I am trying to find the best way to compute only the diagonal part of a product of two (or three) matrices. I tried two different approaches: computing the standard matrix product and then extracting the diagonal part; extracting rows and columns from the external matrices and making a Table. The first approach is of course very costly as it computes many more elemenst than needed. And this becomes evident with two matrices

matrA = RandomReal[NormalDistribution[], {3000, 3000}];
matrB = RandomReal[NormalDistribution[], {3000, 3000}];
Timing[vec0 = Diagonal[matrA.matrB];]
Timing[Block[{matrBT = Transpose[matrB]}, vec1 = Table[matrA[[i]].matrBT[[i]], {i, 1, Length[matrA]}]];]

As expected, the first expression takes much longer than the second one. However, I was surprised to find out that with three matrices, this does not seem to be true anymore.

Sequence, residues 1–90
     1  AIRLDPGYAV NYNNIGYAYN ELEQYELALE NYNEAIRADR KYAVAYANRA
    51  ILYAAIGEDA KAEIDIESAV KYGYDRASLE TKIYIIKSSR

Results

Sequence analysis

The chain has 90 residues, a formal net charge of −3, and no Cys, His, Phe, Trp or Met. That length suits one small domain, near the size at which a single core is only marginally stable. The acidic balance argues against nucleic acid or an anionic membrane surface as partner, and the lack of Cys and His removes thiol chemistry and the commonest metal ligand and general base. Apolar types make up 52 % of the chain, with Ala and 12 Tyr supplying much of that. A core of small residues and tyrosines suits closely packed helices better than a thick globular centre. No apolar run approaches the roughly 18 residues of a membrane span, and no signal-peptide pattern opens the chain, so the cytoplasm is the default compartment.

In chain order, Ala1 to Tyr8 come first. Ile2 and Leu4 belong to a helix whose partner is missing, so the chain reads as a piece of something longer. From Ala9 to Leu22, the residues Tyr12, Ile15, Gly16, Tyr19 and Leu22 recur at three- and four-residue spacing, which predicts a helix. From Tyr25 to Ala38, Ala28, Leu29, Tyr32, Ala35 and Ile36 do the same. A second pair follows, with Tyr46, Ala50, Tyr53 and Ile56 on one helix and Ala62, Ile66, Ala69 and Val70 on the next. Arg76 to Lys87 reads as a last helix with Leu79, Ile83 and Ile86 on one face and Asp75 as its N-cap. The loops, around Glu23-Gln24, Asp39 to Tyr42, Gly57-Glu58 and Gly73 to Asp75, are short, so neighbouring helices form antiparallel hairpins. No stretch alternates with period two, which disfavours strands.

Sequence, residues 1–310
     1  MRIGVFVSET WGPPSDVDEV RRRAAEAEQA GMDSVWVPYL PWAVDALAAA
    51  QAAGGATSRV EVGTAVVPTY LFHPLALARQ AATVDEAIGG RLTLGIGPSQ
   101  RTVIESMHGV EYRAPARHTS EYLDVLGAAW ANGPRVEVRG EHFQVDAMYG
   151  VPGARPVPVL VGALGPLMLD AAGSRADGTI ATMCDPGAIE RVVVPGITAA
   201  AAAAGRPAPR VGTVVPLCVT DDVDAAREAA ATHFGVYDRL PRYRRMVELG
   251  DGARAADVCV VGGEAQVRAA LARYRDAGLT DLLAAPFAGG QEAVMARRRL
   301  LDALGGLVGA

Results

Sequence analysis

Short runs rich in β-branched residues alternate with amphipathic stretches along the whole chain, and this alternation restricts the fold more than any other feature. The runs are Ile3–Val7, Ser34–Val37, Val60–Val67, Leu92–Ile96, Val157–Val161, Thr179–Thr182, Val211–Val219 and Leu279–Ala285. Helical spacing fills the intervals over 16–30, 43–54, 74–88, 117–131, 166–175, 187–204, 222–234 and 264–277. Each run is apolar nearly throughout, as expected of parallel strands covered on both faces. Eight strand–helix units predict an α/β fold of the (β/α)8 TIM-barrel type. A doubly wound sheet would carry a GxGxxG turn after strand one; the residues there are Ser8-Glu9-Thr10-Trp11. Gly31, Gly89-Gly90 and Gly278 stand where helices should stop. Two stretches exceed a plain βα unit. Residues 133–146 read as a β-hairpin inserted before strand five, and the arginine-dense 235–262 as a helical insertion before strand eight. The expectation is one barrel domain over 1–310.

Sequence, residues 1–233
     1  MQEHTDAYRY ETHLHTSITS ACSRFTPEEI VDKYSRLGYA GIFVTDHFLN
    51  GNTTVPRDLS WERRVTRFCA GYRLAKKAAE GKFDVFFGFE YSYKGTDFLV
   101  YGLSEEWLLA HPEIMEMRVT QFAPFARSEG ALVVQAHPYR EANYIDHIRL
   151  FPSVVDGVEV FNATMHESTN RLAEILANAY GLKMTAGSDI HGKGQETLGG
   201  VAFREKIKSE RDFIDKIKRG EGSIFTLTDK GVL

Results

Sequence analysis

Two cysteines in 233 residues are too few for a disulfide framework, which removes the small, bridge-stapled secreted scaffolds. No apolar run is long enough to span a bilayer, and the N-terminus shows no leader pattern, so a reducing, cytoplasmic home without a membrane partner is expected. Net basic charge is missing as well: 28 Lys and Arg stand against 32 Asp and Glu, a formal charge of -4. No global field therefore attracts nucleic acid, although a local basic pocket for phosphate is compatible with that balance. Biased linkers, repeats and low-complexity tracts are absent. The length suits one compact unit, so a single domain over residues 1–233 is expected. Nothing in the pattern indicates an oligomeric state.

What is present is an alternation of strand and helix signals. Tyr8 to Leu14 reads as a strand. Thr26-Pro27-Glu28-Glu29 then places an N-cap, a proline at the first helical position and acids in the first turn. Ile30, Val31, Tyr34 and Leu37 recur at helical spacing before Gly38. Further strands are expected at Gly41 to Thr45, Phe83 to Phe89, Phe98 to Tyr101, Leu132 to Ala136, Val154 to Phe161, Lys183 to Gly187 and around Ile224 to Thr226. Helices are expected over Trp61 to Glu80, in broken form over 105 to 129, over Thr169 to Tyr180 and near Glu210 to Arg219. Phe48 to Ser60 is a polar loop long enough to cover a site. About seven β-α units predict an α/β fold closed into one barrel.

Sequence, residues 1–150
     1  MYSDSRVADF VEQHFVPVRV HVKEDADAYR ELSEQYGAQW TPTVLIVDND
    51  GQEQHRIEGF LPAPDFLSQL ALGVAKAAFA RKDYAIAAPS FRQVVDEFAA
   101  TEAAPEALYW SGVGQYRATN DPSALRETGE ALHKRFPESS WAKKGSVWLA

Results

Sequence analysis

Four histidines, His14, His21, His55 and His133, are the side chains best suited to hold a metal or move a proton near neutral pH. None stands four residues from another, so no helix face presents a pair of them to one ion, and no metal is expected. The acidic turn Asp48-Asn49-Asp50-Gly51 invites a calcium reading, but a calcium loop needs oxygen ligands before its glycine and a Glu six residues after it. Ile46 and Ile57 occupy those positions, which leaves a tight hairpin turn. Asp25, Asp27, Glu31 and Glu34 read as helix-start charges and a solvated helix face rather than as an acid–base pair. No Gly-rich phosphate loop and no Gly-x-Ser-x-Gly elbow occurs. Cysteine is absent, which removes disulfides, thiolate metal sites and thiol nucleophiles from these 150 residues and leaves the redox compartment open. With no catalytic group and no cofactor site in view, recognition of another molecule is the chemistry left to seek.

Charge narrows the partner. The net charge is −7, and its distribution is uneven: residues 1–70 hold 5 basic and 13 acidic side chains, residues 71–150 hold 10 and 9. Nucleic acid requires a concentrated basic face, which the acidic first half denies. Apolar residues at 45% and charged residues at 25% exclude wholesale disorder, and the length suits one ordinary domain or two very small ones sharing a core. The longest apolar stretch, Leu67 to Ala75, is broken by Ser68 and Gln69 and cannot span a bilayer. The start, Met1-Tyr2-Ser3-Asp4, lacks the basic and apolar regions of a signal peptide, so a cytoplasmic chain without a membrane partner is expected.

matrA = RandomReal[NormalDistribution[], {3000, 3000}];
matrB = RandomReal[NormalDistribution[], {3000, 3000}];
matrC = RandomReal[NormalDistribution[], {3000, 3000}];
Timing[vec0 = Diagonal[matrA.matrC.matrB];]
Timing[Block[{matrBT = Transpose[matrB]}, vec1 = Table[matrA[[i]].matrC.matrBT[[i]], {i, 1, Length[matrA]}]];]

Now surprisingly the first approach is much faster than the second.

It is clear that the first approach cannot be optimal. So what would you suggest to compute this kind of quantities?


1 Answer 1


How about

mA = RandomReal[NormalDistribution[], {3000, 3000}];
mB = RandomReal[NormalDistribution[], {3000, 3000}];
mC = RandomReal[NormalDistribution[], {3000, 3000}];

Timing[vec0 = Diagonal[mA.mC.mB];]
(*{7.515625, Null}*)

Timing[Total[Total[mA Transpose[mC.mB], {2}] - vec0]]
(*{3.968750, 3.8557602 10^-10}*)
  • $\begingroup$ cool! Apparently it seems all the improvement comes by computing the product mC.mB separately... This seems to work pretty well: Timing[Block[{matrBT = Transpose[matrC.matrB]}, vec1 = Table[matrA[[i]].matrBT[[i]], {i, 1, Length[matrA]}]];] $\endgroup$
    – abenassen
    Commented Jul 5, 2016 at 12:05

Your Answer

By clicking “Post Your Answer”, you agree to our terms of service and acknowledge you have read our privacy policy.

Not the answer you're looking for? Browse other questions tagged or ask your own question.